Former Plaid Cymru leader Dafydd Wigley has said that the case for nuclear power “has to be made with conviction and confidence and with some urgency”.
Lord Wigley said that he was speaking in a personal capacity. His party said in its 2019 General Election manifesto that it “opposes the development of new sites for nuclear power stations”.
However, Dafydd Wigley said in the House of Lords that he was concerned that renewable sources of energy would not be enough to combat climate change.
“Like most parties, my party, Plaid Cymru, has divergent views within its ranks on the issue of nuclear power,” he said.
“Much of this emanates from horror at the thought of nuclear war and I, along with my party, am totally opposed to nuclear weapons. I understand the arguments about deterrence, but it has to go wrong only once and the world is roasted to a cinder.
“But to rule out the use of nuclear energy to replace carbon sources of electricity for that reason is like refusing to manufacture steel because it could be used for guns. The case for nuclear has to be made with conviction and confidence and with some urgency.”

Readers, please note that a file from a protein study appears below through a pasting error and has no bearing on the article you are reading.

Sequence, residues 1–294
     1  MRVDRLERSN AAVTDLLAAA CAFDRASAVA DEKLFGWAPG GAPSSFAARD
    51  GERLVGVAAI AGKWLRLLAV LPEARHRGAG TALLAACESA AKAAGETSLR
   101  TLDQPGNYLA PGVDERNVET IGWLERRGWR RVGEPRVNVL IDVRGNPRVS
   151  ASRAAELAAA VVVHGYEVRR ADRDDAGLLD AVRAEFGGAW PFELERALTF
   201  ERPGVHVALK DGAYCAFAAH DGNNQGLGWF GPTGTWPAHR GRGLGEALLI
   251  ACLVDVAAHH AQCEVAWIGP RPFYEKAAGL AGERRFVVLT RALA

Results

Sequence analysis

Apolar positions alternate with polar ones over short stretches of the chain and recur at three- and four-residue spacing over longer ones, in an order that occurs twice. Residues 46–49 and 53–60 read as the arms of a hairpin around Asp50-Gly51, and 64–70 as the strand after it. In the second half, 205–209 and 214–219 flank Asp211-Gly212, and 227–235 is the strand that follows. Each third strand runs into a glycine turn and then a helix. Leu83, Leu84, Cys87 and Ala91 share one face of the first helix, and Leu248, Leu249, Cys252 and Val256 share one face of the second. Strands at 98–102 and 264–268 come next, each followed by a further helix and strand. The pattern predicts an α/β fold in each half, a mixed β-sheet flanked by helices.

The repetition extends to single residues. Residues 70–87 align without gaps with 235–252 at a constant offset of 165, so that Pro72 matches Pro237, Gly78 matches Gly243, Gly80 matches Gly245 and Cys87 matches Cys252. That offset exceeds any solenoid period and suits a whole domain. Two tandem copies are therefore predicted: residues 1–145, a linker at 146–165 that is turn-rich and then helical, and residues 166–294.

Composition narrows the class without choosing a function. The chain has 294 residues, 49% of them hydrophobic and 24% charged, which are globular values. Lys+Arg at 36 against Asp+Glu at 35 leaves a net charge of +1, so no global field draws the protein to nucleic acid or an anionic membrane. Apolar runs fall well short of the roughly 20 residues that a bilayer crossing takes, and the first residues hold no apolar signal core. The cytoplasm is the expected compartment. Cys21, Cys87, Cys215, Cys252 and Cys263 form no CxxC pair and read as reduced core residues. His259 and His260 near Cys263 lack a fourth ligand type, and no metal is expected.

Dafydd Wigley represented the seat of Caernarfon as an MP and then AM from 1974 to 2003 and said that he “served a county that had two active nuclear power stations: Wylfa and Trawsfynydd.”
He called for the UK Government to “get their act together” of Wylfa and said that Trawsfynydd would be an “ideal demonstrator site” for a Small Nuclear Reactor (SMR).
Trawsfynydd and Wylfa are understood to be two of the sites being lined up for the multi-billion pound mini-power stations in plans by the UK Government and Welsh Government.
“They are not rivals but partners in re-establishing north-west Wales as a powerhouse of the economy, and doing so by methods that would underpin the drive for low-carbon electricity and contribute to the world-wide challenge of heading off climate change,” Dafydd Wigley said.
Baroness Bloomfield of Hinton Waldrist, who is a Government Whip, responded that the UK Government had “noted the growing local and regional interest, and indeed support, for several sites for further nuclear development,” including Trawsfynydd.
“We welcome conversations with stakeholders who are considering whether their assets are potentially suitable for the deployment of nuclear facilities,” she said.